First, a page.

Patriot Water Treatment has sent legal notice to the Ohio Department of Natural Resources warning it of unwarranted interference in its business operations.
The company, 2840 Sferra Ave., learned Friday that the agency would not allow the facility to accept drilling waste from D&L Energy headquarters at 2761 Salt Springs Road, the site of last month’s illegal dumping of oil and brine down a storm drain. In the wake of an ongoing criminal investigation, the permits of D&L Energy and Hardrock Excavating were revoked, with the stipulation that drilling waste could no longer be stored at the companies’ headquarters.
Patriot’s president, Andrew Blocksom, had told The Vindicator earlier that his wastewater-treatment facility had tested the drilling fluids and was set to begin accepting, treating and disposing of it in the Mahoning River.
It appears now that ODNR, whose offices were closed Monday for Presidents Day, has stymied those efforts by ordering D&L officials to instead dispose of the drilling waste in Class II injection wells only.
But in a letter to both ODNR Chief Counsel William Damschroder and Richard Simmers, chief of ODNR’s Division of Oil and Gas Resources Management, both Blocksom and his attorney, April R. Bott, contend that doing so would pose grave environmental risks that also could lead to additional seismic activity at the site of the disposal.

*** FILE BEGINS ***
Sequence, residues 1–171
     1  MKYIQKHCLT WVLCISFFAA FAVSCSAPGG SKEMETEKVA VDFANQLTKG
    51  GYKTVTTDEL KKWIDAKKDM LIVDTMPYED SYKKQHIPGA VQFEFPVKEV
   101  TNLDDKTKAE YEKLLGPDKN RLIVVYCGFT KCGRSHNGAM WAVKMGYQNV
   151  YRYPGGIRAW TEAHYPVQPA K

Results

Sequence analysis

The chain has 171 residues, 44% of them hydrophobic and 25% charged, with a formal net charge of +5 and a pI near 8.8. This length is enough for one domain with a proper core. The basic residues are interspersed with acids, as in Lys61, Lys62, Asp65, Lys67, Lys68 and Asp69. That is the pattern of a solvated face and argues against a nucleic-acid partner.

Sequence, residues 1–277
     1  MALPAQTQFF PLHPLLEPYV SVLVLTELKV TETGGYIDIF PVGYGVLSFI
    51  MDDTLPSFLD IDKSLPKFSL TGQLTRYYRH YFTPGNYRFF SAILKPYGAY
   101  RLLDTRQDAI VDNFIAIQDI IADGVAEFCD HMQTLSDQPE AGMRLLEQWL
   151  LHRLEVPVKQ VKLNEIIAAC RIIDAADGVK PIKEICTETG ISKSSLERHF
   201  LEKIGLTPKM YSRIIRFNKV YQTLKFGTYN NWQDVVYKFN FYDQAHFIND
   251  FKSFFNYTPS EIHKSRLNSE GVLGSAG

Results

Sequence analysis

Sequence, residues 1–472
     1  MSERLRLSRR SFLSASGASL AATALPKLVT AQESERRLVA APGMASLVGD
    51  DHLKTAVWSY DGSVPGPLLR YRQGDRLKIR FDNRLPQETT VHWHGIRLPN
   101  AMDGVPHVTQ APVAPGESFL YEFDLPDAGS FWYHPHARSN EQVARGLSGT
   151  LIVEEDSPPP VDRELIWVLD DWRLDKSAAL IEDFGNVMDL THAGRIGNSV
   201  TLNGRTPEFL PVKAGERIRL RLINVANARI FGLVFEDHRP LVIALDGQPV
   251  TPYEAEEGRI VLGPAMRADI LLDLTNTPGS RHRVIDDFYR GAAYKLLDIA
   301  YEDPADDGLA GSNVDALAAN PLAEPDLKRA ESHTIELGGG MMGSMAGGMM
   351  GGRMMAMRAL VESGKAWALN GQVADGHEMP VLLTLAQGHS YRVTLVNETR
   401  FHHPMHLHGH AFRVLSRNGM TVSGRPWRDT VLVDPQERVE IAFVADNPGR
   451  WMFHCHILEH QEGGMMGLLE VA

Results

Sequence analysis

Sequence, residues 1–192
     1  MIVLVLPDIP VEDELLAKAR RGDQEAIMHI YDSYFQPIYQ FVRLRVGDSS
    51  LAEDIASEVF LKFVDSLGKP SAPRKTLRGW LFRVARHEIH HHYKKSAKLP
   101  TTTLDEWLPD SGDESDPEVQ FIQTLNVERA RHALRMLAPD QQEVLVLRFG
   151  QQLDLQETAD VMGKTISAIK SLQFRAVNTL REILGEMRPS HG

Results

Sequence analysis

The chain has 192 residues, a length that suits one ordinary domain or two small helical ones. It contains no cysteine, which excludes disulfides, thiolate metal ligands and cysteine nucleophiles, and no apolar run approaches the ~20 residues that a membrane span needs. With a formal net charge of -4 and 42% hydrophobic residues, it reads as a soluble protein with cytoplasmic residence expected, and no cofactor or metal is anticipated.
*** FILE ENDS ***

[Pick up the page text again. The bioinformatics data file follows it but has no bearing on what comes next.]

“I also learned from the state that some of the materials on D&L’s site have tested extremely high and over regulatory limits by orders of magnitude, for radioactivity [specifically radium],” Blocksom wrote to Damschroder.
The letter continued to say, “None of these hot materials have been sent to Patriot, which has state-of-the-art testing equipment, so I am extremely concerned that ODNR is instructing this material be injected into Class II injection wells without notification to the well operators that radioactive waste is involved.”
Throughout last year, a long-running dispute played out between Patriot and ODNR after the regulatory agency said that Patriot’s operations were harmful to the state’s waters. Patriots operations were shut down last April for three months, leading the company to file a lawsuit against ODNR.
Patriot claims that ODNR has no right to interfere in its business operations, as the agency has provided no evidence that proves its treatment processes fail to remove toxins or other harmful substances from drilling waste.
ODNR could not be reached to comment Monday.
Furthermore, Blocksom has continued to maintain that most of the drilling fluid on D&L’s property is primarily comprised of light-low salinity waters. Unlike heavier brine, light-low salinity waters take longer to sink to the bottom of injection wells, requiring ODNR to issue pressure variances so that operators can force the liquid down a well shaft. A strong link has been made between this tactic and seismic activity.
ODNR granted D&L multiple pressure variances to force similar light waste down its Northstar 1 injection well in Youngstown, which was later determined to be the cause of a series of earthquakes on New Year’s Eve 2011.
“ODNR’s actions today leave D&L, a company under intense regulatory pressure, with no option but to inappropriately push the low-TDS wastewaters into underground injection wells under high pressures and pay ODNR — the business competitor of Patriot — an injection fee,” Bott wrote ODNR.